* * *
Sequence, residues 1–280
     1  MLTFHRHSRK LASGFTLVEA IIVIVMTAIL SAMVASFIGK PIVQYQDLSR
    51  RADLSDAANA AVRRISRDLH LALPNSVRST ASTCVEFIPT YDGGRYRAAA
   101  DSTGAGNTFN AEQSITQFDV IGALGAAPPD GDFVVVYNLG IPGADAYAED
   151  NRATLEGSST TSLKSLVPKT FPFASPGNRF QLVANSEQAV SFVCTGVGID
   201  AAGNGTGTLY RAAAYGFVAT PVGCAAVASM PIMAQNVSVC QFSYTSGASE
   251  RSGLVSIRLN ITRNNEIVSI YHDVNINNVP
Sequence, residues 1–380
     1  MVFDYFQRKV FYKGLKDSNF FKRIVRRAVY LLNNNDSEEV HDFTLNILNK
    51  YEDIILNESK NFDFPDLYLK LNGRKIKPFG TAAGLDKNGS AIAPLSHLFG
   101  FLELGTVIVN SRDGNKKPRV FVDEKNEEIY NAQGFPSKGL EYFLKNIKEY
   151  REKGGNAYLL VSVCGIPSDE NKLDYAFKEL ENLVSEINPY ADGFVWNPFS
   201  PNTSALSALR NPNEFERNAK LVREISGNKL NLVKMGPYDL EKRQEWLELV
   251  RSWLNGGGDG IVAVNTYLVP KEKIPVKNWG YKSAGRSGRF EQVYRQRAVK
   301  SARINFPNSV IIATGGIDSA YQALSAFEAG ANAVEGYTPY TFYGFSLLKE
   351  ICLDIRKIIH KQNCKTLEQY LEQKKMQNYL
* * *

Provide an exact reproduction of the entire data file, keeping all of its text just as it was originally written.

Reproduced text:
Sequence, residues 1–280
     1  MLTFHRHSRK LASGFTLVEA IIVIVMTAIL SAMVASFIGK PIVQYQDLSR
    51  RADLSDAANA AVRRISRDLH LALPNSVRST ASTCVEFIPT YDGGRYRAAA
   101  DSTGAGNTFN AEQSITQFDV IGALGAAPPD GDFVVVYNLG IPGADAYAED
   151  NRATLEGSST TSLKSLVPKT FPFASPGNRF QLVANSEQAV SFVCTGVGID
   201  AAGNGTGTLY RAAAYGFVAT PVGCAAVASM PIMAQNVSVC QFSYTSGASE
   251  RSGLVSIRLN ITRNNEIVSI YHDVNINNVP
Sequence, residues 1–380
     1  MVFDYFQRKV FYKGLKDSNF FKRIVRRAVY LLNNNDSEEV HDFTLNILNK
    51  YEDIILNESK NFDFPDLYLK LNGRKIKPFG TAAGLDKNGS AIAPLSHLFG
   101  FLELGTVIVN SRDGNKKPRV FVDEKNEEIY NAQGFPSKGL EYFLKNIKEY
   151  REKGGNAYLL VSVCGIPSDE NKLDYAFKEL ENLVSEINPY ADGFVWNPFS
   201  PNTSALSALR NPNEFERNAK LVREISGNKL NLVKMGPYDL EKRQEWLELV
   251  RSWLNGGGDG IVAVNTYLVP KEKIPVKNWG YKSAGRSGRF EQVYRQRAVK
   301  SARINFPNSV IIATGGIDSA YQALSAFEAG ANAVEGYTPY TFYGFSLLKE
   351  ICLDIRKIIH KQNCKTLEQY LEQKKMQNYL